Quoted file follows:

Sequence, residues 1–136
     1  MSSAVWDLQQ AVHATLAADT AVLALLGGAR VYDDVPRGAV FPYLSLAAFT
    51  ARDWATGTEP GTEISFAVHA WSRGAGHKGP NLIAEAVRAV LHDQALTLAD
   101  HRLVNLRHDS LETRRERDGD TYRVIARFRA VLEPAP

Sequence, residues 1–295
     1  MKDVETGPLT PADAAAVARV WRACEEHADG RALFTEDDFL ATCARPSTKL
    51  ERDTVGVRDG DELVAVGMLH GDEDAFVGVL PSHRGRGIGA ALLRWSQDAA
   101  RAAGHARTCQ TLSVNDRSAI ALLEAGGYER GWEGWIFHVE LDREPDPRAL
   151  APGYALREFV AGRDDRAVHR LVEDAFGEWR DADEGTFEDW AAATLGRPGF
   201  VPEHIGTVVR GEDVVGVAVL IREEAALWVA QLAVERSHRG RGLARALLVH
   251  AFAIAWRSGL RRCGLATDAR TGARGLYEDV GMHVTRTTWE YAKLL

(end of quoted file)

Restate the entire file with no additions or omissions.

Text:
Sequence, residues 1–136
     1  MSSAVWDLQQ AVHATLAADT AVLALLGGAR VYDDVPRGAV FPYLSLAAFT
    51  ARDWATGTEP GTEISFAVHA WSRGAGHKGP NLIAEAVRAV LHDQALTLAD
   101  HRLVNLRHDS LETRRERDGD TYRVIARFRA VLEPAP

Sequence, residues 1–295
     1  MKDVETGPLT PADAAAVARV WRACEEHADG RALFTEDDFL ATCARPSTKL
    51  ERDTVGVRDG DELVAVGMLH GDEDAFVGVL PSHRGRGIGA ALLRWSQDAA
   101  RAAGHARTCQ TLSVNDRSAI ALLEAGGYER GWEGWIFHVE LDREPDPRAL
   151  APGYALREFV AGRDDRAVHR LVEDAFGEWR DADEGTFEDW AAATLGRPGF
   201  VPEHIGTVVR GEDVVGVAVL IREEAALWVA QLAVERSHRG RGLARALLVH
   251  AFAIAWRSGL RRCGLATDAR TGARGLYEDV GMHVTRTTWE YAKLL